|Name of walk||Raven Crag|
|Date of walk||2018-06-23|
On Saturday Brendan and I drove to the north end of Thirlmere, parking opposite the dam road. We were going to walk up to Raven Crag for what should have been a two mile, under two hour walk, but turned out to be a seven mile, five and a half hour walk!
Looking across to Raven Crag from the walk towards the dam from the main road.
The fallen trees are visible from here. I knew there was still storm damage on the west side of Thirlmere, but had not realised how extensive it was north of Thirlmere too.
Walking across Thirlmere dam with Raven Crag directly ahead.
Thirlmere is a reservoir for Manchester.
View down Thirlmere from the dam.
View from the start of the road down the west side of Thirlmere, currently closed due to storm damage.
Uprooted trees litter the fell side, even north of Thirlmere.
This would have been our way up. Only forty minutes to the summit, but it is still closed due to the fallen trees and the hazardous conditions. If we want to go up we will need to go round the base of The Benn and up the side of Shoulthwaite Gill, and summit from the west side. An easy, but much longer walk, as most of it is on logging vehicle roads. I have descended via this route twice before, so we decide to continue on.
Looking across to Castle Rock, with the Dodds behind.
Cordulegaster boltonii, the Golden-ringed dragonfly in Shoulthwaite Moss.
Walking along the base of The Benn through Shoulthwaite Moss. This is usually the starting route of the Keswick to Barrow Walk, but not this year, due to the closure of the west side of Thirlmere.
Skiddaw and Lonscale Fell.
View back as we trudge up the track.
We take a detour up to The Benn and the view down Thirlmere.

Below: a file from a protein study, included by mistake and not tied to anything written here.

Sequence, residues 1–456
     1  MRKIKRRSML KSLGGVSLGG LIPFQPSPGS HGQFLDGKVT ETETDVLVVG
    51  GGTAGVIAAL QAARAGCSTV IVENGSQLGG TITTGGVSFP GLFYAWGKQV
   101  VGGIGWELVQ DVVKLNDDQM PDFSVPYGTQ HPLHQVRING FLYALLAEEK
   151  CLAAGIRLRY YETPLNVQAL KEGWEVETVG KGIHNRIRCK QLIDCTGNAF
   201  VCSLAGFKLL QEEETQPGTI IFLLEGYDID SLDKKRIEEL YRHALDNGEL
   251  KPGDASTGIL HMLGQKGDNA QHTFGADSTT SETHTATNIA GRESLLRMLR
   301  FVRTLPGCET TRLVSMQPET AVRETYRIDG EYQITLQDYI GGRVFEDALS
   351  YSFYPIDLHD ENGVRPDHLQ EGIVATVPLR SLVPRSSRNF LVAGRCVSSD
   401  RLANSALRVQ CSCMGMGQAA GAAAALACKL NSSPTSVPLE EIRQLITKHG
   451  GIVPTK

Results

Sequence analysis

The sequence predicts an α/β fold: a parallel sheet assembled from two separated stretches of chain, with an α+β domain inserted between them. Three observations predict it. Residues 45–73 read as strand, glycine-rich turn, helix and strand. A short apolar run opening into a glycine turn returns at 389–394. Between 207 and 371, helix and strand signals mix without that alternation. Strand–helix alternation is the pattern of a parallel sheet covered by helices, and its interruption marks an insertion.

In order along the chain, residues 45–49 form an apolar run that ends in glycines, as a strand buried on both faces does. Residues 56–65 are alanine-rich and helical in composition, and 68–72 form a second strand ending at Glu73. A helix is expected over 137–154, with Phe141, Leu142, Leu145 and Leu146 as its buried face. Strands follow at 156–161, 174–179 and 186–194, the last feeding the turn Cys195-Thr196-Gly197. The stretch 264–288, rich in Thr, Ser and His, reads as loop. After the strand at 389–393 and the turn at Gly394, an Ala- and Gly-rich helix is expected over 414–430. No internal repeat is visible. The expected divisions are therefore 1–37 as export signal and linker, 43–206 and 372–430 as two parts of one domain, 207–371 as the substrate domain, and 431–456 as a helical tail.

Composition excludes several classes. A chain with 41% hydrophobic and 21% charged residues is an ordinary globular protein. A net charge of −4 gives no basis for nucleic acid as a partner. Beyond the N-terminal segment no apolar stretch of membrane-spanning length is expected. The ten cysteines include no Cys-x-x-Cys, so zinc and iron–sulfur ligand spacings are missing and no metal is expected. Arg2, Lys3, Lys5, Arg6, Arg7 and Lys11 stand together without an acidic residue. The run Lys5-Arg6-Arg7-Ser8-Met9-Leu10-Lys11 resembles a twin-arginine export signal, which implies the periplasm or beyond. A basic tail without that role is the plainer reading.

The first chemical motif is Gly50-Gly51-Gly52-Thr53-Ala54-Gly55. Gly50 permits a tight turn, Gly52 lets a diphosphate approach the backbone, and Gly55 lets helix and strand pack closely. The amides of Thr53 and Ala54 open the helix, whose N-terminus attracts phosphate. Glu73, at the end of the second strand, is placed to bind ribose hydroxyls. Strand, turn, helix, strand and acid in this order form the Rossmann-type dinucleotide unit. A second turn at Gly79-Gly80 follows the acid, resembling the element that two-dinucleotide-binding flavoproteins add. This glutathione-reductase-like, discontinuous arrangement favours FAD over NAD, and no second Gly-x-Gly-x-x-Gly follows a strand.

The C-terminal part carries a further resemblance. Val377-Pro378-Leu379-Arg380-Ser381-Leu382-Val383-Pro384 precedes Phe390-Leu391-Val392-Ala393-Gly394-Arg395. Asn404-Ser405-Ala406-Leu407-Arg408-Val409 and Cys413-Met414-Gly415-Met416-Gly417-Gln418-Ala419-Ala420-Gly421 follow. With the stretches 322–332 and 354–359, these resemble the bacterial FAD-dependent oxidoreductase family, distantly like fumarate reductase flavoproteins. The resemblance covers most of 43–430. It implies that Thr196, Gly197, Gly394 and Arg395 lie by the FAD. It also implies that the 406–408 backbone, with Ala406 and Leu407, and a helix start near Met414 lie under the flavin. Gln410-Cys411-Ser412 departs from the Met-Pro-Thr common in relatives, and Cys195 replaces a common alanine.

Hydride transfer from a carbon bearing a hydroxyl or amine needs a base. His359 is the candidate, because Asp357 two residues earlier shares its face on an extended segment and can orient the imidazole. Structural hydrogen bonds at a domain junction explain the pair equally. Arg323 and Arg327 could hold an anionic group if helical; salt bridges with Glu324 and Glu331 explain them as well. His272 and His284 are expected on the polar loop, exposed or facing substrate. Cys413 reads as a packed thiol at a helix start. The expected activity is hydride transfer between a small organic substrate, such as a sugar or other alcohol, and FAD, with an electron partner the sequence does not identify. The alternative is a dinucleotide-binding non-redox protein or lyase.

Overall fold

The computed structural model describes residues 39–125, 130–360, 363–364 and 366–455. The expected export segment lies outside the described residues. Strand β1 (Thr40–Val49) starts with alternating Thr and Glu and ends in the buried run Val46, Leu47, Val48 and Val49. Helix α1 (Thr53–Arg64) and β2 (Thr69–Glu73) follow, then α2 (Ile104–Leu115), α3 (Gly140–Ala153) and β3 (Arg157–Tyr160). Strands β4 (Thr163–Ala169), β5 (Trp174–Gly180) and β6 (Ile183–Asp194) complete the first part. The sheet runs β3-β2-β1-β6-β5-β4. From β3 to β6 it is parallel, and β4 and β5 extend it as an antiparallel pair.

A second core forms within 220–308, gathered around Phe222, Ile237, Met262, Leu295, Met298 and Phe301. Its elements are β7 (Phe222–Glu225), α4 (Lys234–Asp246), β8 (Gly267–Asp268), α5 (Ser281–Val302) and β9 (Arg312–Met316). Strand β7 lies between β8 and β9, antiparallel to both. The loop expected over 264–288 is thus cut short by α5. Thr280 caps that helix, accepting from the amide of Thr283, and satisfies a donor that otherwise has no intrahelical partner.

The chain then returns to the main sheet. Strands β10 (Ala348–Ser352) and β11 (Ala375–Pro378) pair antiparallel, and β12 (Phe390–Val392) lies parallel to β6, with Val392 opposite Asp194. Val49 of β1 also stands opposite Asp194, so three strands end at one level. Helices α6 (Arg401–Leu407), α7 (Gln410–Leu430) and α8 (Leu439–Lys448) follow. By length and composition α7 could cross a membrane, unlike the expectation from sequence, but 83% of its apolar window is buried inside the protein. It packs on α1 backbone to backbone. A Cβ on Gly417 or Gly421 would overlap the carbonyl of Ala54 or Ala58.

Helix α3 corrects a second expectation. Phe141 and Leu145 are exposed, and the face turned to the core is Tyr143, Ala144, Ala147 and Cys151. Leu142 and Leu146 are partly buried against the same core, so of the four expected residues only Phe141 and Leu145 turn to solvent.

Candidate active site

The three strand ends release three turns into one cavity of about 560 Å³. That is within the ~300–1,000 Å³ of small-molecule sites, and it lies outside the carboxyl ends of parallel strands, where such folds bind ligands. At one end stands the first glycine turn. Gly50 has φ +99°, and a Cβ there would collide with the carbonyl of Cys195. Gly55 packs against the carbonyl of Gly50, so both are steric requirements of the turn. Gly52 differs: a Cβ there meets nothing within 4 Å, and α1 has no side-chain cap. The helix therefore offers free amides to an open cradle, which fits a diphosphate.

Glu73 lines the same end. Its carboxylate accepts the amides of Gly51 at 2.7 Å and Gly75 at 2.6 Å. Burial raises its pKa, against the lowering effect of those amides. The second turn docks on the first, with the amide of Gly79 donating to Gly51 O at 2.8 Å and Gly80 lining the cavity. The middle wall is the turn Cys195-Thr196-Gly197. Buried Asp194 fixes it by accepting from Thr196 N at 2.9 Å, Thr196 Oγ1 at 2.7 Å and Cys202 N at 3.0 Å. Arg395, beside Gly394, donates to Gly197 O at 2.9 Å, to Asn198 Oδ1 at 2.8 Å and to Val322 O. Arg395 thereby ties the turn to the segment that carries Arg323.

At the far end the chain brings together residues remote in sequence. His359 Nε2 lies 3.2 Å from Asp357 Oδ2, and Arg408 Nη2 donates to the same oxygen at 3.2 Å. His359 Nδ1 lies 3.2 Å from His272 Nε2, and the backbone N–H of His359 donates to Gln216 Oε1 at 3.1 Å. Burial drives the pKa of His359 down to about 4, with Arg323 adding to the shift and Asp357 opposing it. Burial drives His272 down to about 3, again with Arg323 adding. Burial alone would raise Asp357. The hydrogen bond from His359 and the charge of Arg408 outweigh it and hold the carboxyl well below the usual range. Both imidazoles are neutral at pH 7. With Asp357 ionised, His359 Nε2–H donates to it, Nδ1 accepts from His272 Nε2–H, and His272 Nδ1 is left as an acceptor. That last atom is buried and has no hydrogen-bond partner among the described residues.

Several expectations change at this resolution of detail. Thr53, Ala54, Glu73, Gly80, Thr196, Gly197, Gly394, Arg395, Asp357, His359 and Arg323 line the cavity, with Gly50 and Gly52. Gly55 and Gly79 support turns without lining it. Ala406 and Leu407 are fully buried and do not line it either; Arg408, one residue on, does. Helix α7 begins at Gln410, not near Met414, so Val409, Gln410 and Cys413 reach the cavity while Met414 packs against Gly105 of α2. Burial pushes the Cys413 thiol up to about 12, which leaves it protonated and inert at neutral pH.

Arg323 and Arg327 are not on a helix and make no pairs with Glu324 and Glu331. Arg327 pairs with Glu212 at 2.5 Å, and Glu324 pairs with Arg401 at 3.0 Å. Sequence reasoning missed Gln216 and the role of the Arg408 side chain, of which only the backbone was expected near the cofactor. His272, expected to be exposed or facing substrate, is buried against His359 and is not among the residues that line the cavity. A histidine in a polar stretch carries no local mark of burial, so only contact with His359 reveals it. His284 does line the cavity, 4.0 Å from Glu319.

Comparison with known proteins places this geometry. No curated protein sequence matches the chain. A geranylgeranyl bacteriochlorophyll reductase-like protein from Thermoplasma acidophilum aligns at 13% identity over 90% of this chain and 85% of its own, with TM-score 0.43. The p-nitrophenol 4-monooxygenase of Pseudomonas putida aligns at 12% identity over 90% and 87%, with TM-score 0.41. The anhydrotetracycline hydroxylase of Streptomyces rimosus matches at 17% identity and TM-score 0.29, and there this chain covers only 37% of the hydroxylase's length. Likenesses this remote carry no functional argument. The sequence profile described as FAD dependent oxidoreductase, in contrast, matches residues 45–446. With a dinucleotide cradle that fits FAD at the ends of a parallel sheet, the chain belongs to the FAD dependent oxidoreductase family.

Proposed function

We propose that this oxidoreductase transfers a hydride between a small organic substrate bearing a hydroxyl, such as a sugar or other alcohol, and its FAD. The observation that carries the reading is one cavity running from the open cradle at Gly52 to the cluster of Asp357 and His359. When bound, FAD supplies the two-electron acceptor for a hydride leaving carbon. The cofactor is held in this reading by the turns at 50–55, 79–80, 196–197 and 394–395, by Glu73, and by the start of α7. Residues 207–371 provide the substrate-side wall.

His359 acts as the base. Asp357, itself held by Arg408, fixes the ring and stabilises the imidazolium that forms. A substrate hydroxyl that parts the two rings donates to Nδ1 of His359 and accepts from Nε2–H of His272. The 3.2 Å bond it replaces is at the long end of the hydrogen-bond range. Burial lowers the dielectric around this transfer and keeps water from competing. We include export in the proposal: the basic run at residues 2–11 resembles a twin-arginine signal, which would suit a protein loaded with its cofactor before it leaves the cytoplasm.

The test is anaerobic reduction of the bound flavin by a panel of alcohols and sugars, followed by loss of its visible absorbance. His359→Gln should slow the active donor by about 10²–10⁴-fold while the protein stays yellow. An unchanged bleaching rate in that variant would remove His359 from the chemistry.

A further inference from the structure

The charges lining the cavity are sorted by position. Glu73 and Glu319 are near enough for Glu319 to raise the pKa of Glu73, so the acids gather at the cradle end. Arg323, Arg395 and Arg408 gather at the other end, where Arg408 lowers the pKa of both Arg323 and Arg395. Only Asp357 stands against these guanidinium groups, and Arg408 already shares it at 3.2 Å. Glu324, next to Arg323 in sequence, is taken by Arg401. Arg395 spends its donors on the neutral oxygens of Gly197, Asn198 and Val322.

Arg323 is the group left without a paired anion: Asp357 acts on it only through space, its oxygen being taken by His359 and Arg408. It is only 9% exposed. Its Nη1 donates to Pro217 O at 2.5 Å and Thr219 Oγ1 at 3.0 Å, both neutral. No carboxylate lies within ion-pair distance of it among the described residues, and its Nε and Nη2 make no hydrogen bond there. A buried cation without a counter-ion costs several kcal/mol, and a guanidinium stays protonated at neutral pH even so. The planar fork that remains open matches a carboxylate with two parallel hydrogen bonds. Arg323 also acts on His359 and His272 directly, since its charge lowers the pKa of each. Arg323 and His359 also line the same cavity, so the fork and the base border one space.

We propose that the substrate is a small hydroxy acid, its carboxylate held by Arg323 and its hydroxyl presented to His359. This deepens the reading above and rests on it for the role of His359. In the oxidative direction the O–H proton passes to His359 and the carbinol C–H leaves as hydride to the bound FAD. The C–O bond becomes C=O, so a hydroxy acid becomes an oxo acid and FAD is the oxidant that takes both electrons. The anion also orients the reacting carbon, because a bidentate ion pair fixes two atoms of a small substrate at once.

Finally we reach the spot where the routes up converge for the final pull up to the summit. The path has been redone since my last ascent, as have the steps at the top.
An excellent new boardwalk.
The view back.
As nice as it is, the new railed platform seems a bit 'nanny state'. I used to love the precipitousness, sitting on the rock edge with my legs dangling over the edge. We meet the first people we had seen all day. They had come over from High Seat and were now heading for Armboth Fell.
All the old trees have now gone, opening up the view. Helvellyn on the left.
Blencathra left, and Clough Head across.
The Dodds with the dam below.
Looking down on the dam and Great How.
We defy the platform and carefully move further down to the rock edge to enjoy the views. The route up had taken three hours, but for this type of walking I'm still using my crutches, as I don't want to risk any injury to my new knee! So take at least an hour off that time if you want to follow this easy route up.
Looking towards Dunmail Raise. Sitting with my knee bent I notice that its swelling either side of the scar, so we don't sit for very long.
The long trudge down!
Moss covered rocks. The moss looks to be the only thing preventing them from sliding down.
The track continues on.....
.....and on....I don't remember this path being so long. My knee is fine, but my palms are killing me. Crutches are most definitely not designed for this type of activity!
We cut the corner off the return by taking the footpath through Bridge End Farm.
Crossing the gill.
After the walk we take a short drive to the Kings Head for a well deserved meal.
The walk was a lot longer than I would have liked at this stage in my knee recovery, but the alternative would have been several hours of shopping in Keswick. I think I made the right choice! Sometimes you just have to push the boundaries! My knee has been fine, but my upper body and arms are still aching. I still managed two bell ringing sessions on Sunday morning, despite my arms protesting. I’m now thinking what mountain to do next! 🙂